Italy was subjected between 2001 and 2010 to enormous pressure by the US to become a launching pad for US wars in Afghanistan and Iraq, to neutralise the peace movement, and to ensure immunity from prosecution for CIA agents who had seized a Moslem cleric, Abu Omar, from the streets of Milan in broad daylight and rendered him to Egypt where he was tortured. Her reports were explosive but no politicians demanded enquiries: “The only thing worse than the CIA’s crimes was the apathy of the Italian public”. At least Italy had one journalist willing to do the work, and suffer the consequences, of publicising what was in the Wikileaks files.
The US authorities went after Wikileaks and Julian Assange with a vengeance. By 2015 Assange had become trapped in a legal ‘quagmire’ as the Swedish investigation into rape allegations which dates from 2010 seemed to be going nowhere. As Assange’s health deteriorated confined in the Ecuadorean Embassy since 2012, Stefania Maurizi was the ONLY journalist to try to find out what had happened. She doggedly pursued FOI requests to the authorities in Britain, Sweden and the US but getting information of public interest out of them was like squeezing blood from a stone. She had to sue the British Crown Prosecution Service (CPS) for the few documents she has and found that a tranche of emails was supposedly destroyed apparently against the CPS guidelines on record retention. The Metropolitan Police had information but refused to release it.
Nevertheless, based on Swedish files she can confidently conclude that: ‘it was the British authorities with the Crown Prosecution Service who had advised the Swedes against the only legal strategy that could have brought the case to a rapid conclusion, namely questioning Julian Assange in London, rather than insisting on his extradition’.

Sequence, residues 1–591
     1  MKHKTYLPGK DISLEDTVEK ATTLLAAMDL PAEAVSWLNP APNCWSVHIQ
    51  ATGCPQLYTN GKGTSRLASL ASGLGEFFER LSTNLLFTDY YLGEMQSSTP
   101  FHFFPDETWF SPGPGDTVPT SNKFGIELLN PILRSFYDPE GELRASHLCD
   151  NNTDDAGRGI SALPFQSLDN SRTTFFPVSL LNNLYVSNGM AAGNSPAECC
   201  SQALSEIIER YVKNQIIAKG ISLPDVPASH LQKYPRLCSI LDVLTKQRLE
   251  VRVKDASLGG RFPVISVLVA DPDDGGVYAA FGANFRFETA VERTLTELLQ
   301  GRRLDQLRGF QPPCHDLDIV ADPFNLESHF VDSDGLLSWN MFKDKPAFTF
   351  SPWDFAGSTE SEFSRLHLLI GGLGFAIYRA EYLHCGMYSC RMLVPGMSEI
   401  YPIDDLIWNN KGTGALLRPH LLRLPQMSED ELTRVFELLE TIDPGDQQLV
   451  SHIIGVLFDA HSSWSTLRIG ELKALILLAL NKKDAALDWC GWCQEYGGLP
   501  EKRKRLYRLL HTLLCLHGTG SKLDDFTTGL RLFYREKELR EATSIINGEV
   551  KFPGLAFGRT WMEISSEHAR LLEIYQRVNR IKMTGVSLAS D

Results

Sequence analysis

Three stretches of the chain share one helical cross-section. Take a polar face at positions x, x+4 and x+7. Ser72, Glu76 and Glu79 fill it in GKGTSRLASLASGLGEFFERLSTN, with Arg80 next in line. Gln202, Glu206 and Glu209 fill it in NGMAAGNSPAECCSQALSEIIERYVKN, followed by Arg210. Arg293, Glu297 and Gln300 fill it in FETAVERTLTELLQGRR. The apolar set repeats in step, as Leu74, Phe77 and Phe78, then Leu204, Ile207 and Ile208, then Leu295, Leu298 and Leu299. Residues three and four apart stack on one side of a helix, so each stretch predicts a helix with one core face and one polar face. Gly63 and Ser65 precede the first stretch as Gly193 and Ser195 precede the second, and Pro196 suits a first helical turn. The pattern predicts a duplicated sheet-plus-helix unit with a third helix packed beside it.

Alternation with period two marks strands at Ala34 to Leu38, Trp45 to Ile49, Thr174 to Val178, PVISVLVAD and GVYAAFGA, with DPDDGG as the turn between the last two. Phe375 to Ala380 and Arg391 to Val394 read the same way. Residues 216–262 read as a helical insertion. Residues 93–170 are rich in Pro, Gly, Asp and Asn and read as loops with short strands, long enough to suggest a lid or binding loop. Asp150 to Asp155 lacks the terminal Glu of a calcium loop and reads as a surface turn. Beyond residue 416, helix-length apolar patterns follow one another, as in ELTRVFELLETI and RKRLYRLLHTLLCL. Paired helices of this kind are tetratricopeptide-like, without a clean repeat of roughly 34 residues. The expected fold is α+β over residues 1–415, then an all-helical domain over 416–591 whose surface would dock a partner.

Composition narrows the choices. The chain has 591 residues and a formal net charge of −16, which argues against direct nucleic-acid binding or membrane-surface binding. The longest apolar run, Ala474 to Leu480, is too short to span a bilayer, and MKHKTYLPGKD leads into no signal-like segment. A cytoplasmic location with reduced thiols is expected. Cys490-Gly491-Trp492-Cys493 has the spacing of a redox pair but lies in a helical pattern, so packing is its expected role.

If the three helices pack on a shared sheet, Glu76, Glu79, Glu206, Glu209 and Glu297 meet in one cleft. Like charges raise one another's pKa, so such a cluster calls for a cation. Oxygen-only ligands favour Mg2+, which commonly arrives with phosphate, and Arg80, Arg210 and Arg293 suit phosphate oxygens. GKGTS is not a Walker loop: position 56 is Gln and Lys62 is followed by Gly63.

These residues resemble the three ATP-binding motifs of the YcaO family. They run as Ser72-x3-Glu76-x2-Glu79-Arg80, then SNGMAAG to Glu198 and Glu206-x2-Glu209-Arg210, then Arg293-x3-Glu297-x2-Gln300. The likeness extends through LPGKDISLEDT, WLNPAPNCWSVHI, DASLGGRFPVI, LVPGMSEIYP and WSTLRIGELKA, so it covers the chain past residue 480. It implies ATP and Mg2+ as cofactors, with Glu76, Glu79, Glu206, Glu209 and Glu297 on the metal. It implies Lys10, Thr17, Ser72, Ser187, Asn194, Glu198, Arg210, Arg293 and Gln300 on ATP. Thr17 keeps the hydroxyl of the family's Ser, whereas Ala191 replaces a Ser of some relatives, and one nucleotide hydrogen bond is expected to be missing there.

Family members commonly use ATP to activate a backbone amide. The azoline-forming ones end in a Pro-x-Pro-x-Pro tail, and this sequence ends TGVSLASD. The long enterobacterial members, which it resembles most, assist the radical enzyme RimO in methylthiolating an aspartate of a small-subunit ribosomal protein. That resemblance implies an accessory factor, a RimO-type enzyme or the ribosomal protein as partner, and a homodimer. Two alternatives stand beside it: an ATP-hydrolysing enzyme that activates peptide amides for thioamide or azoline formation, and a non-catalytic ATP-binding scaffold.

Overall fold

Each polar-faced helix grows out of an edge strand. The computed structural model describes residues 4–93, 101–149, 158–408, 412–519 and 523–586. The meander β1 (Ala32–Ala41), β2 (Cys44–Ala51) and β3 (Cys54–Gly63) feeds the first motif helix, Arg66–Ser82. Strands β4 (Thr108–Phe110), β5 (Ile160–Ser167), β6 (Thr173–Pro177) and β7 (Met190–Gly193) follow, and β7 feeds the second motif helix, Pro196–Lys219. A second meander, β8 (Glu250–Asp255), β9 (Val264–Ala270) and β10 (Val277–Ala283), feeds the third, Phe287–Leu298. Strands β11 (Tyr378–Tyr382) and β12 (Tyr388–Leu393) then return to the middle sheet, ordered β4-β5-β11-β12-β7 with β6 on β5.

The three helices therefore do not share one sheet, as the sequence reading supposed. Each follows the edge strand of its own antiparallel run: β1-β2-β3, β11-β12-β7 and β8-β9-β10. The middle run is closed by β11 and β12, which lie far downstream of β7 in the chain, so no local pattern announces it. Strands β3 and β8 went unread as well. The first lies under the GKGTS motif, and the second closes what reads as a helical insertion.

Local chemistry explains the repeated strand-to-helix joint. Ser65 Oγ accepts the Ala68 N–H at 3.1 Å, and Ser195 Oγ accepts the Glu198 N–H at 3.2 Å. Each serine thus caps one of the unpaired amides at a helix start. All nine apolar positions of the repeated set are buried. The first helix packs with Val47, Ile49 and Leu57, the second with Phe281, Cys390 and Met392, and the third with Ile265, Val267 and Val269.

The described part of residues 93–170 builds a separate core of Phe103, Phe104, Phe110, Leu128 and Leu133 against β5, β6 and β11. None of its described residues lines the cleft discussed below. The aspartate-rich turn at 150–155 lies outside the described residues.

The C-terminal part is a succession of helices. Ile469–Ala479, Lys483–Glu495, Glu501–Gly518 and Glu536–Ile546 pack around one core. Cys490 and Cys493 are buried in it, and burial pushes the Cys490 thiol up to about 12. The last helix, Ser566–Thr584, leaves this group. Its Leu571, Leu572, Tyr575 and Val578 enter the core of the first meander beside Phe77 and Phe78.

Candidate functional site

The CPS was headed by Keir Starmer from 1st November 2008 to 31st October 2013 during the crucial years that Assange’s case could have been brought to a speedy conclusion. Each time that the Swedish authorities might have dropped the case the CPS lawyer involved, Paul Close, warned them not to get ‘cold feet’. Why?
In refusing permission for Assange to leave the Ecuadorean Embassy for medical treatment, the CPS wrote to the Swedish prosecutor about Assange’s weight loss and said: ‘there are many people of my acquaintance (obviously not just women) who would always welcome this.’ If this remark were made by a concentration camp guard one would not be surprised. That a senior British civil servant should express such ‘humour’ in writing to a foreign official raises serious questions about the culture in Keir Starmer’s CPS. The actions of the CPS in this period lead in 2019 to his arrest and imprisonment in Belmarsh.
The book is a very useful survey of the crimes revealed in the Wikileaks releases, the pursuit of Assange and the hidden power of determined and courageous whistle-blowers and journalists like Chelsea Manning, Assange and Maurizi. Its defining contribution is the story of Maurizi’s FOI ‘trench warfare to unearth the truth’ of Assange’s detention. The details she gives are tantalising and I would hope that a more detailed account will form a future book.
Maurizi also has a common touch and pays fulsome tribute to the many supporters and campaigners who have been with Assange through every step of his journey, from court to court, from Embassy to Belmarsh. It is a truly campaigning book written with a journalist’s verve and a campaigner’s passion.